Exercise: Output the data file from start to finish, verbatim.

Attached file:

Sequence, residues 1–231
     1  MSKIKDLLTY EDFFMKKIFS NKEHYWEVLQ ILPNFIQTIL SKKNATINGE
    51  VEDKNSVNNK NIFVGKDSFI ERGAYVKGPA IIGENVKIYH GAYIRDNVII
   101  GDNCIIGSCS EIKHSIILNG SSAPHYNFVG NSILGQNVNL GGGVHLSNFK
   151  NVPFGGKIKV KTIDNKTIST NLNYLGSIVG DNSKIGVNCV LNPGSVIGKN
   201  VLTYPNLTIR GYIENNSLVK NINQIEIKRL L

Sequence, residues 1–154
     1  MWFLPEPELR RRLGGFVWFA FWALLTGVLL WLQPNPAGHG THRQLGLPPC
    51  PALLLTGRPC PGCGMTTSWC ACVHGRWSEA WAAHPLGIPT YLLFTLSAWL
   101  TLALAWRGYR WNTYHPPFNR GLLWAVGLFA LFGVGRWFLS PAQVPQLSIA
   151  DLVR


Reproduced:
Sequence, residues 1–231
     1  MSKIKDLLTY EDFFMKKIFS NKEHYWEVLQ ILPNFIQTIL SKKNATINGE
    51  VEDKNSVNNK NIFVGKDSFI ERGAYVKGPA IIGENVKIYH GAYIRDNVII
   101  GDNCIIGSCS EIKHSIILNG SSAPHYNFVG NSILGQNVNL GGGVHLSNFK
   151  NVPFGGKIKV KTIDNKTIST NLNYLGSIVG DNSKIGVNCV LNPGSVIGKN
   201  VLTYPNLTIR GYIENNSLVK NINQIEIKRL L

Sequence, residues 1–154
     1  MWFLPEPELR RRLGGFVWFA FWALLTGVLL WLQPNPAGHG THRQLGLPPC
    51  PALLLTGRPC PGCGMTTSWC ACVHGRWSEA WAAHPLGIPT YLLFTLSAWL
   101  TLALAWRGYR WNTYHPPFNR GLLWAVGLFA LFGVGRWFLS PAQVPQLSIA
   151  DLVR